We have an application for which we have little room for the integration of an RFID reader. Would it be possible to have smaller readers when using a reader IC? I saw that semiconductor companies have reader ICs sized at 5 millimeters by 5 millimeters (0.2 inch by 0.2 inch). What is the estimated development effort to get a working reader from such an IC?
Reader ICs are indeed getting smaller, though the IC is only one part of a reader, and other factors can affect size as well. One of the main components is the antenna, which can be separated from the reader electronics (it would just need a wire connection). HID Global's Richard Aufreiter says that in most use cases, an antenna can be mounted in a space-restricted area, while electronics would be nearby, thereby saving space. Bear in mind, too, that when an antenna is smaller, the read range is shorter.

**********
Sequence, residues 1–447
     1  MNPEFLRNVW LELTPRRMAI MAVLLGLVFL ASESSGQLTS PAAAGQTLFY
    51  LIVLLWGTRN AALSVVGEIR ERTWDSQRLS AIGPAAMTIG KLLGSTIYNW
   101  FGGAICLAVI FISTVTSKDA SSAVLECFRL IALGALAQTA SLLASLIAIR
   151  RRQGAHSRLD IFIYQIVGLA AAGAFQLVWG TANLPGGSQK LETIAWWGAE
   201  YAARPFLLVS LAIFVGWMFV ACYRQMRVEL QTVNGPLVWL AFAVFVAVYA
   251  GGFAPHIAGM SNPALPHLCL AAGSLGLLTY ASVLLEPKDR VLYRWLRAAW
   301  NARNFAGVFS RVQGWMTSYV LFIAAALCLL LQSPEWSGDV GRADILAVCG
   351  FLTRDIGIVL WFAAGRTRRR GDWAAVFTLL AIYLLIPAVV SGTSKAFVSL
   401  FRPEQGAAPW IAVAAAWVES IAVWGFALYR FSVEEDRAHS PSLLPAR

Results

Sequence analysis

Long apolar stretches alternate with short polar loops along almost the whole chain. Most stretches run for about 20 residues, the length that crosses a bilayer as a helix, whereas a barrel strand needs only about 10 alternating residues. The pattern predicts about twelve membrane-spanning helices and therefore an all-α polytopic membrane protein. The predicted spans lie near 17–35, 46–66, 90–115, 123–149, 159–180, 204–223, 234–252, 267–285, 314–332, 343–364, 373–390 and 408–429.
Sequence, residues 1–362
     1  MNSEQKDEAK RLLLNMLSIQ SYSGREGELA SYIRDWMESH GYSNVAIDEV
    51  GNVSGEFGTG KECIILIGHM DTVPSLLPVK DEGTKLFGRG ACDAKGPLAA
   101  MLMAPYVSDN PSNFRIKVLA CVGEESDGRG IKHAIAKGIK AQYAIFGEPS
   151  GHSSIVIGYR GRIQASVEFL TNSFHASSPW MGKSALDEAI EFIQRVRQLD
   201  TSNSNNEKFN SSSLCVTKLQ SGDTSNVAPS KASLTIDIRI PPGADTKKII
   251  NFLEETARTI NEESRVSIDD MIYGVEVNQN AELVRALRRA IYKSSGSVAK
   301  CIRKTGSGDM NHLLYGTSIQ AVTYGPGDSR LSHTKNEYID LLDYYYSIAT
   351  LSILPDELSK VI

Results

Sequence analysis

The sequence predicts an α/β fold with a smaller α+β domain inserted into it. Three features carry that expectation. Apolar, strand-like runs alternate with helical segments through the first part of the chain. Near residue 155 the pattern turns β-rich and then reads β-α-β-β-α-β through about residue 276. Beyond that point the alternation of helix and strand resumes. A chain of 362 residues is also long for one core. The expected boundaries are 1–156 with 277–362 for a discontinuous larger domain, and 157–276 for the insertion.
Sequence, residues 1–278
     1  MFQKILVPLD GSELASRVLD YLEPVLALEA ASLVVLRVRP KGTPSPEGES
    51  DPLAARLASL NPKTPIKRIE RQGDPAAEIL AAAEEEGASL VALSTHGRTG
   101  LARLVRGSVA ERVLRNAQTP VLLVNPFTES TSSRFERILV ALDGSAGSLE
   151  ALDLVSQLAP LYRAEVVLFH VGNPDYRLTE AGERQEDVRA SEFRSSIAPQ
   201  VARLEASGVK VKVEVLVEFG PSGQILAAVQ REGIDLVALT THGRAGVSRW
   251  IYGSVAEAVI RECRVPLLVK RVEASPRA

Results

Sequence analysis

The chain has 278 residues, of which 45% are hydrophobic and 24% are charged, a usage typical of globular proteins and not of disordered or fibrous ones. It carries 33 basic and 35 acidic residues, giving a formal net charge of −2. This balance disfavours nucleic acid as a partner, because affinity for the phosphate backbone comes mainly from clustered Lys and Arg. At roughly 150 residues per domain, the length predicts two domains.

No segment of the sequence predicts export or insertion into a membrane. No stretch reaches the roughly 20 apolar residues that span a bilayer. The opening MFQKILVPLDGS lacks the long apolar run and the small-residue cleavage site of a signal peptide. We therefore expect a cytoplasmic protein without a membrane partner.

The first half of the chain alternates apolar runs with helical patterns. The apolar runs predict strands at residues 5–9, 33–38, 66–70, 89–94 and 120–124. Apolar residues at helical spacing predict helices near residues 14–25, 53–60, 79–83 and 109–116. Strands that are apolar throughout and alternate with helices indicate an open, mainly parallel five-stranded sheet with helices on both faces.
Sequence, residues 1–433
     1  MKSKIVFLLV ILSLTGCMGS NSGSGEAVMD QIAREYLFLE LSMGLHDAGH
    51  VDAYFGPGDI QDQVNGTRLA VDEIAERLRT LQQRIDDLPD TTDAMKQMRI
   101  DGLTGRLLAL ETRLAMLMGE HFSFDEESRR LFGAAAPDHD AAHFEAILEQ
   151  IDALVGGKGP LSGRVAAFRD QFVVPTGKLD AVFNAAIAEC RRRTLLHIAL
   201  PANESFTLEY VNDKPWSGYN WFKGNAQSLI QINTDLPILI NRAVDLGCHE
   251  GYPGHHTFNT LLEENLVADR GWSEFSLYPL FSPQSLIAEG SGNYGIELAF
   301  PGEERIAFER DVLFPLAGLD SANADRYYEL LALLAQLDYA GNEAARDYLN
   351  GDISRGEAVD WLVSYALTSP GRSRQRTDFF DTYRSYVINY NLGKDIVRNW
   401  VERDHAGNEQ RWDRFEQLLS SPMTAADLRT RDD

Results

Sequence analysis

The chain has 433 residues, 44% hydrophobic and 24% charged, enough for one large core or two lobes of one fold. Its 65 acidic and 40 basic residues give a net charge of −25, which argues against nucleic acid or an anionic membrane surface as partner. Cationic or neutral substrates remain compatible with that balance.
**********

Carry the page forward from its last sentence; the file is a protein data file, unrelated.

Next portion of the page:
Some HID reader modules, as a size comparison, average 28 millimeters by 30 millimeters by 9.2 millimeters (1.1 inches by 1.2 inches by 0.4inch). ThingMagic has an HF reader module sized at 70 millimeters by 53 millimeters by 9 millimeters (2.8 inches by 2.1 inches by 0.5 inch), and with an 8-centimeter (3.1-inch) range on average, while GAO RFID offers reader modules for HF at 40 millimeters by 38 millimeters by 5 millimeters (1.6 inches by 1.5 inches by 0.2 inch).
Previous Post Who Makes Inexpensive Tag-Acquisition Processors? »